For the record, I don't have an Aunt Sarah. Never did. To the best of my knowledge, the name hasn't even existed in my family in at least a century.
No, the name comes from a free book I got midweek last week, on a lark, from Kindle. So, first a review, and then the bread.
MARY AT THE FARM AND BOOK OF RECIPES COMPILED DURING HER VISIT AMONG THE "PENNSYLVANIA GERMANS"
By Edith Thomas
Mary, a 19 year old orphan from Philadelphia, wrote to her Aunt Sarah and Uncle John, requesting that she be allowed to come spend time with them at their Bucks County Farm and learn how to run a household. Aunt Sarah, correctly guessing that Mary is planning to wed, invites her to come immediately, and so begins the story. Among other things, Mary wants to learn to cook well, admiring Aunt Sarah's book of recipes, handwritten and interspersed with poems. The book is a gentle story, set about 100 years ago, without any drama, involving Mary learning how to do things around the house, including quilting, making rag rugs, and making a house comfortable and bright. There is a minor amount of interesting conversation about women's suffrage, and the advantages thereto, but it is minor. The story of Mary's time on the farm is only about 1/3 of the book; the balance is the recipes she acquired. This makes me believe that this book is at least somewhat biographical, maybe even autobiographical.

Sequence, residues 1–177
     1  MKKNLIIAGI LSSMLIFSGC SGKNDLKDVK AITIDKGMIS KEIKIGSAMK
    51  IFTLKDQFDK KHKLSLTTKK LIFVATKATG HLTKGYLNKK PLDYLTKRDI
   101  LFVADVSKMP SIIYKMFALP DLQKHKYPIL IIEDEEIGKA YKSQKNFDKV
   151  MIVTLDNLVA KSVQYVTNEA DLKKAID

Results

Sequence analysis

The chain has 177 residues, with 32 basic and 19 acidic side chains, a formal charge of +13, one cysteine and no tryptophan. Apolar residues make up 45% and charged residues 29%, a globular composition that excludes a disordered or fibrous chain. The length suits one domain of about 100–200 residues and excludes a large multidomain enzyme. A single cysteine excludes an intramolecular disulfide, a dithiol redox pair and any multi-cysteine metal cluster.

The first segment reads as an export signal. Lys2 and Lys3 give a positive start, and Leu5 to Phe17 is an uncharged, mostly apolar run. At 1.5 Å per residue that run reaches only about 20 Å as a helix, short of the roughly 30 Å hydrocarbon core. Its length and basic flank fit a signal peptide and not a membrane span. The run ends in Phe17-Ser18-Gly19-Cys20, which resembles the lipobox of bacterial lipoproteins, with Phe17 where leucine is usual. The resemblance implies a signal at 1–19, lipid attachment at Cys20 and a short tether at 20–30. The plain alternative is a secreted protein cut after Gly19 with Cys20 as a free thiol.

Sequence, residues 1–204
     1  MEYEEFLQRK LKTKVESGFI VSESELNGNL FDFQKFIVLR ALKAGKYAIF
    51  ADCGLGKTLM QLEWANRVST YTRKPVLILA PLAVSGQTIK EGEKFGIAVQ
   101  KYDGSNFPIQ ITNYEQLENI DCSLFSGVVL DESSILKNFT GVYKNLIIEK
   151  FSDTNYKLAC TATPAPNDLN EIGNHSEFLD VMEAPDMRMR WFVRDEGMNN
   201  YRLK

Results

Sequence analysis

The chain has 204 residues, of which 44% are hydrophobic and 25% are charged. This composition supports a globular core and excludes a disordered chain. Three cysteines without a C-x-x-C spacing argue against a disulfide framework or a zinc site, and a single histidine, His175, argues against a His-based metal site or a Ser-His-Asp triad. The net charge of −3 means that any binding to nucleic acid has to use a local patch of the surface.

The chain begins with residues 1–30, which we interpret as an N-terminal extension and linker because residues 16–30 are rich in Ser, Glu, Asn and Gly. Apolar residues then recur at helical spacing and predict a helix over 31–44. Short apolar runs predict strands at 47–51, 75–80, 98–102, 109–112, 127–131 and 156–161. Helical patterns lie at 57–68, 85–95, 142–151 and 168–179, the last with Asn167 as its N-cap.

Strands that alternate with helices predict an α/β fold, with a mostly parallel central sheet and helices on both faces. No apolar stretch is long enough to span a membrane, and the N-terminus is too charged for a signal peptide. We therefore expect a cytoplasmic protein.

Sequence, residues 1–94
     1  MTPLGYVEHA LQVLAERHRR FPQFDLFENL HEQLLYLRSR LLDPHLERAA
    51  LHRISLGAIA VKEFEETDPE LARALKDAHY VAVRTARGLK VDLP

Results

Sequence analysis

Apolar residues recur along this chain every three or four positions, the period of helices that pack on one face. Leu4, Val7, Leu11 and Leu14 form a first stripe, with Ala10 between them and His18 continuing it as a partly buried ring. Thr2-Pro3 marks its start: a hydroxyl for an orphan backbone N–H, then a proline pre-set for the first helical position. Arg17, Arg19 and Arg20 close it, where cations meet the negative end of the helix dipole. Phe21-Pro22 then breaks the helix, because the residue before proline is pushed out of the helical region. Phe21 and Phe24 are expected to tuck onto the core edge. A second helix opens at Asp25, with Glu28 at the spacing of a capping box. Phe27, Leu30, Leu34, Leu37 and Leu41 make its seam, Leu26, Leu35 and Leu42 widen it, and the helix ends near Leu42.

I scanned the recipes, and many are adaptable to today's cooking. Of course, I got a wild notion to try one of the bread recipes on Friday, since I was making Sloppy Joes. So, here are both the original and adapted recipes:
AUNT SARAH'S BREAD AND ROLLS
1 quart potato water
1 mashed potato
1 tbsp butter
1 tbsp sugar
1 cup yeast
1/2 tbsp salt
3 quarts flour, to stiffen
OK, that's a lot of ingredients. Here's my scaled down version, which made 16 rolls:
1-1/2 cups water from boiling one small potato
1/4 to 1/2 cup mashed potato (the small one)
1 tbsp butter
1 tbsp sugar
2 tbsp yeast
1 tsp salt
3-1/2 to 4 cups flour
While the water is still warm, pour it into your mixing bowl or bread machine bucket; sprinkle the yeast over it. Add the flour, potato, sugar, salt, and butter, cut into small pieces. Stir and knead until smooth; let rise for 15 minutes, punch down and form into 16 rolls (or 2 loaves bread). Let rise until doubled in size, then bake at 375F (or 350F in the convection oven) for 13 to 15 minutes, until lightly browned.
These rolls were pretty good. How good? Well, there were only 5 of us home. And this is how many rolls were left after dinner:
That's right. One. I think these will be requested again.